Update of Analysis of Prospects in the Scenar 2020 study. Preparing for change
"The objective of the Scenar 2020-II study was to refine and improve the identification of major future trends and driving factors – and the perspectives and challenges resulting from them – provided by the initial Scenar 2020 study (December 2006) on the future of European agriculture and the rural world. In this respect the study does not aim at evaluating the impact of potential policy changes but to compare how the agricultural sector might evolve under different, and somewhat extreme, pathways which, to a large, although not full extent, follow the assumptions of the first study.
To reflect elements of the public debate, without prejudging future policy proposals, three policy scenarios are proposed within Scenar 2020-II.
The first is a 'Reference' scenario, in which reference policy decisions are carried forward in the time period of the study. For illustrative purposes it assumes a 20% reduction of CAP budget in real terms, the implementation of a Single Payment System (SPS) as of 2013, full decoupling, a 30% decrease in direct payments (DP) in nominal terms and a 105% increase of the European Agricultural Fund for Rural Development (EAFRD). Trade agreements are synthetically represented, e.g. the WTO Agreement is based on the December 2008 Falconer paper. To some extent this reflects similarities with the 'baseline' scenario of the first study.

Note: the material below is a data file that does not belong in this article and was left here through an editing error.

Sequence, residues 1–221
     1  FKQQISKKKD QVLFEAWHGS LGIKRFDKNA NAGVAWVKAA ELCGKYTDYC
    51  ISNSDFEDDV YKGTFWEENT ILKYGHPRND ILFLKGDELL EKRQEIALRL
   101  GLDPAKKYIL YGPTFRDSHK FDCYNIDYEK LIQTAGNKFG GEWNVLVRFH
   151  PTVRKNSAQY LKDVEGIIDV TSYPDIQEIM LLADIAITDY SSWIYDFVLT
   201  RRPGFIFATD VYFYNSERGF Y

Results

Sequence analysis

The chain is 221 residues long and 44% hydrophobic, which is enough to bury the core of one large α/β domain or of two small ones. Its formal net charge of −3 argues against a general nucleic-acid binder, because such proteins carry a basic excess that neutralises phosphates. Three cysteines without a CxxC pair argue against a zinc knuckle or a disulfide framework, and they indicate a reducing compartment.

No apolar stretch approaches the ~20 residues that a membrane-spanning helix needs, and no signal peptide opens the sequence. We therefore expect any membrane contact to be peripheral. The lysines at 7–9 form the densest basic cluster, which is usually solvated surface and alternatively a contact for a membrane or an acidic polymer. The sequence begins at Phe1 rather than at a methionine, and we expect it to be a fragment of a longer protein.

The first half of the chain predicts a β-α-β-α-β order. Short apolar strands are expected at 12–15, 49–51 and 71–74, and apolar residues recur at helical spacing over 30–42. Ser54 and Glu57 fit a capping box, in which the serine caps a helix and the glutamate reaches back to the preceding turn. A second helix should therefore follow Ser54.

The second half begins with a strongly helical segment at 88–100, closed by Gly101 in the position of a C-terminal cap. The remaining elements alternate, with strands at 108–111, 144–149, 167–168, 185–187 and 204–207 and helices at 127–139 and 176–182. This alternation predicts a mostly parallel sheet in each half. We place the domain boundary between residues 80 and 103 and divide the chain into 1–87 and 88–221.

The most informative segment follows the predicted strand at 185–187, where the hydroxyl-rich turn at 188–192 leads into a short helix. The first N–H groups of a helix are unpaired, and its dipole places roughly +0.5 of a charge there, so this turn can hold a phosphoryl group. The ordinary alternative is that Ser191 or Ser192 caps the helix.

The second is called 'Conservative CAP' scenario, and keeps the overall level of the budget devoted to agriculture but changes the balance between pillars. It assumes a continuation of the results of the Health Check (HC) after 2013, a flat rate (regional model) implemented at national level, coupling as HC, and a 15% decrease of direct payments in nominal terms, a reduced (45%) increase of EAFRD. Trade policies are maintained as in the Reference scenario.
The third is a 'Liberalisation' scenario, in which all agricultural trade-related measures are discontinued. The CAP budget is reduced by 75% in real terms, all direct payments and market instruments are removed, and there is a 100% increase of EAFRD. Like in the previous study extreme scenarios were chosen in order to test what would be the maximum range of impacts the agricultural sector would be faced with over the medium term.
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